The basic mechanic requires no new assets.  Except that, as I understand it, it is already the plan to have VS ores at some point become graded as in TFC.  nuggets, poor, normal, and rich.  The first step is limiting these in more fine-grained ways.  Surface nuggets and poor nuggets will fit anywhere in the inventory.  They will essentially have no special qualities, and be just as now, though with reduced stack sizes in player inventory (except if the player is carrying a mining bag, which will allow higher stack sizes).  Normal and rich ores will only fit in the hotbar, and perhaps have stack size reduced to 16 there (32 in mining bag, which is the only case where they can be 'in inventory').  They will also prevent the player from sprinting or using ladders regardless of being in a bag or not.   This creates a situation where early on, the player can find a poor copper deposit and carry lots of it, without having to tame animals or make a cart.  It will not be a simple matter to get normal or rich ores up out of a deep shaft, but it's doable, if slow.  At the stone age tier, we're encouraging the player to domesticate a pack animal to help them get the ore home.  Maybe look for ore in easily entered sloping caverns, where they can bring the animal right in.  Phase 1 is basically the player just find basic ores and refining it.  Maybe schlepping heavier ores up via stairs or cavern jumping if they really want.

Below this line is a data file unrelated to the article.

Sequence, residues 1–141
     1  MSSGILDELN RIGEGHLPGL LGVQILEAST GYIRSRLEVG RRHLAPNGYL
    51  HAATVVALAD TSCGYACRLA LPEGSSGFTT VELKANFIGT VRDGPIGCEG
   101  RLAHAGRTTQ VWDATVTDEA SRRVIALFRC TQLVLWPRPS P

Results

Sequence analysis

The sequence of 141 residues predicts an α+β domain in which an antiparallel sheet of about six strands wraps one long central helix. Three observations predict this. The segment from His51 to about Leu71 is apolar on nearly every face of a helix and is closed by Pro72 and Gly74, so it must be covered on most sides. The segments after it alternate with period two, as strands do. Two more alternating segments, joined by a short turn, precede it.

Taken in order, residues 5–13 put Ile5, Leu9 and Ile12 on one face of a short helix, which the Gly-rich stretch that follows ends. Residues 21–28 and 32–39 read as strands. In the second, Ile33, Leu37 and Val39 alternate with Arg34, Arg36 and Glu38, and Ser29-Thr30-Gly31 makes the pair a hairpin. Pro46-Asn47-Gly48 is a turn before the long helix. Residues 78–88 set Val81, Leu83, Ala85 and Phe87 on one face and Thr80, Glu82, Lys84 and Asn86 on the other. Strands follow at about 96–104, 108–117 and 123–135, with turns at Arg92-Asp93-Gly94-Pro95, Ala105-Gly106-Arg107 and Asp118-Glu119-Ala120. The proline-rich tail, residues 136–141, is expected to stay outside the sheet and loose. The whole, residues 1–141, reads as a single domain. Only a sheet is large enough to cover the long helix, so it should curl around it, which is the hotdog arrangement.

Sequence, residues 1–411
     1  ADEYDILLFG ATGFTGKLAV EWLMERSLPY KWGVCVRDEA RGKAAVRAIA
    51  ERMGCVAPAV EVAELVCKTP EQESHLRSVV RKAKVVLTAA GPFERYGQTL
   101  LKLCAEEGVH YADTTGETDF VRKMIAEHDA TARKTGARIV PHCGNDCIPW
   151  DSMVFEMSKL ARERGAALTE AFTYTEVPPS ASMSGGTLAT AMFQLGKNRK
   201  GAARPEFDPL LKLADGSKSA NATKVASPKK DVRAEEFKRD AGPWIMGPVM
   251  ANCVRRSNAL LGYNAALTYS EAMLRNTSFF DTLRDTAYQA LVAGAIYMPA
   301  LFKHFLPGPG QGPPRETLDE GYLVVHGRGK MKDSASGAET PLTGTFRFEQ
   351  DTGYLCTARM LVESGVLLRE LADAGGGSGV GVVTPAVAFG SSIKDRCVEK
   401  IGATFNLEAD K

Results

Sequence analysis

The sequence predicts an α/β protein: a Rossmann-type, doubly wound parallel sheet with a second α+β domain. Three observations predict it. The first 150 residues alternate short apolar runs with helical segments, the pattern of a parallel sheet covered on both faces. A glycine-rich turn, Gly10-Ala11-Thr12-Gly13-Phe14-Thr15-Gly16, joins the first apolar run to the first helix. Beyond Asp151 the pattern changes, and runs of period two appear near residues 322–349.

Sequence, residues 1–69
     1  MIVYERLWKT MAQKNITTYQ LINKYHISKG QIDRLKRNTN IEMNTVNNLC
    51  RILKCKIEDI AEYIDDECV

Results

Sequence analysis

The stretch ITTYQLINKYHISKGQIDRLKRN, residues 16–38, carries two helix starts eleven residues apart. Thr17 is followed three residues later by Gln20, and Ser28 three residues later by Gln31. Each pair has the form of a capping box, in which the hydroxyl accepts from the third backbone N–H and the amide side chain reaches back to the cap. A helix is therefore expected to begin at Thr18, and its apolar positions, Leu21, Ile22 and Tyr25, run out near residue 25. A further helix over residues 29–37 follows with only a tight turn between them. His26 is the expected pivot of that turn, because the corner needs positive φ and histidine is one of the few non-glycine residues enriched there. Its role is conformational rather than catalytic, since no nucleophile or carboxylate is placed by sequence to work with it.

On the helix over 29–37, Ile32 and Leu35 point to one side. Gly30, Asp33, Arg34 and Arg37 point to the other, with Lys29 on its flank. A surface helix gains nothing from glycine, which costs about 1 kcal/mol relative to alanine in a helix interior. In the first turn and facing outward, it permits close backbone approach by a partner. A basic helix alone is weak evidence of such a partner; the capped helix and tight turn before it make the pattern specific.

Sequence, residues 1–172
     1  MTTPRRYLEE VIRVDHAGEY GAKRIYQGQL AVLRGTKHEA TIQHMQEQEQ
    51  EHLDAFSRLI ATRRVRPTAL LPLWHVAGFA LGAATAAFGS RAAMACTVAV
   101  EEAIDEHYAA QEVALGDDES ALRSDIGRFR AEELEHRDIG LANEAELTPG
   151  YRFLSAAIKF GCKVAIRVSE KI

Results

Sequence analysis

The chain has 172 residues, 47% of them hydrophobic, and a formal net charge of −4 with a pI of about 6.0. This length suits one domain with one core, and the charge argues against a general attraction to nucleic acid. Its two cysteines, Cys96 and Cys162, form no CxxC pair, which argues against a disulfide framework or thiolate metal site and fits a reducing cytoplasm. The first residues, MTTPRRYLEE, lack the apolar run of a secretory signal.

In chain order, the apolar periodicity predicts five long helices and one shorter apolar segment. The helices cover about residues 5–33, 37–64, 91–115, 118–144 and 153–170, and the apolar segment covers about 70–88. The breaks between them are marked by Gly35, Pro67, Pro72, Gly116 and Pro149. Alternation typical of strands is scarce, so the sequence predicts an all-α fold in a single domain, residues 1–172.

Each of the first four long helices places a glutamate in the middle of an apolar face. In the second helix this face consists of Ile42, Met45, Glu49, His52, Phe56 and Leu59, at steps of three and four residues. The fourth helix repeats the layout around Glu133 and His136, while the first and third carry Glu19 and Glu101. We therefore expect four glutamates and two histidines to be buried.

In phase 2, we're offering the player the chance to get more bang for their ore buck.  Enter the stamp mill an early-tech machine.  The stamp mill will be a machine that requires power.  It will not be able to be powered by animals, only water or *maybe* wind (and of course higher tier power as well).  If the player tosses *raw stone ore blocks* in the stamp mill, the mill will return the basic ore, and also have a *chance* to return something more.  It could have X% chance to return a piece of ore of the next lower grade.  Higher tier (and better quality?) stamp mills have a better chance, and/or return higher grade ore.  So you may be able to double your ore (ore more?) vs just mining the block with a pick.  Now, as part of this *raw ore* blocks become very encumbering (not raw stone though, which is only decorative really).  Very low stack size, hotbar only (does not fit even in mining bag), and the player cannot jump or climb stairs while carrying.  They will be difficult or impossible for the player to transport without conveyance.   So now the player has a *voluntary choice* to just take the basic ore, or to spend the time, get conveyance, mine the raw blocks, and get extra ore out of it.  This will be more attractive for rare ores.  I emphasize that we're letting the player choose here, not forcing them.